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A chance encounter at an annual hunting and shooting convention led to a Virginia Beach military outfitter landing its largest government contract ever.

Matbock — a company founded by two retired Navy SEALs — was awarded a $757,180 contract by Special Operations Command for a specialized weapon sight.

The Acquire Read Deploy Sight, when attached to a grenade launcher like a M320 or an Mk19, reads out the angle the weapon platform is raised and calculates the distance the round will travel based on both and weapon and ammunition type. Its LCD screen then displays that distance. The sight also displays the weapon’s cant — tilting to the left or right.

Guns photo

Matbock co-founder and CEO Sean Matson said the sight has been in development for several years.

He said fellow co-founder Zach Steinbock found himself out on the gun range with a program manager from Special Operations Command during the annual SHOT Show convention in January. The SOCOM representative pointed out a target and asked Steinbock and his team how confident they were that he would hit it with a grenade launcher using the Matbock sight. They replied that if he missed, they would question his credentials.

“He said ‘OK, I guess you’re really confident then,’” Matson recalled.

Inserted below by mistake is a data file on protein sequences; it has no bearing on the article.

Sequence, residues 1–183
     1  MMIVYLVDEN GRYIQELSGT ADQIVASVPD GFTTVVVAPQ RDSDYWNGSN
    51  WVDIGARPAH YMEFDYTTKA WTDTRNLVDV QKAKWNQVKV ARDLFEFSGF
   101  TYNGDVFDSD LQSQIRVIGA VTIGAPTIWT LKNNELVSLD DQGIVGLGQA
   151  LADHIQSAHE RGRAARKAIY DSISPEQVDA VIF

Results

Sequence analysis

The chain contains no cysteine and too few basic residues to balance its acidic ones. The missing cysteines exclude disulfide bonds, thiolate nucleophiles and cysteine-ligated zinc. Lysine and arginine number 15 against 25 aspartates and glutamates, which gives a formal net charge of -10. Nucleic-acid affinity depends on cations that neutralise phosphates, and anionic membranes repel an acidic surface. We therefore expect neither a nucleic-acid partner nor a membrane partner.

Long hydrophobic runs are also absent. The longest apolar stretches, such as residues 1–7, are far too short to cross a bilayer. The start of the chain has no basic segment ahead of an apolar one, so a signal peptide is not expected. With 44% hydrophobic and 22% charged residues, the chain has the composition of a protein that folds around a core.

The rep aimed up the launcher, calculated the correct distance on the sight and fired.

“Sure enough, that round hit dead center of the tank target,” Matson said. “Basically, (he) immediately handed him back the gun and said ‘Yep. Be expecting an order from us.’”

Related: A History Of ‘Bloopers’: Rifle Grenades, ‘Thumpers,’ And Underslung Launchers

In addition to the military, Matson said the sight has attracted the interest of several police departments. In cases like recent protests spurred on by the death of George Floyd, the sight could be also used to minimize harm with either tear gas or illumination rounds, he added.

“Understanding and knowing exactly how far that round is going to go will help mitigate some of those causes,” Matson said.

There are some existing sights for launchers now, but Matson said they are antiquated, and most weapon users forgo them and use “Kentucky windage” instead — aiming off from the target rather than adjusting the sight.

The contract, which began on April 22, represents around $1.2 million worth of merchandise and the order has shipped, according to a Matbock spokesperson.

Matson and Steinbock founded their business in 2010 while they were still serving in the Navy. Matbock has now grown to 22 employees and makes a variety of combat gear: packs, vests, rescue bags, evacuation stretchers and even a portable chlorine production kit. Matson also co-founded Strike Force Energy in January 2016 and first tested the small energy drinks in Hampton Roads convenience stores.

©2020 The Virginian-Pilot (Norfolk, Va.) – Distributed by Tribune Content Agency, LLC.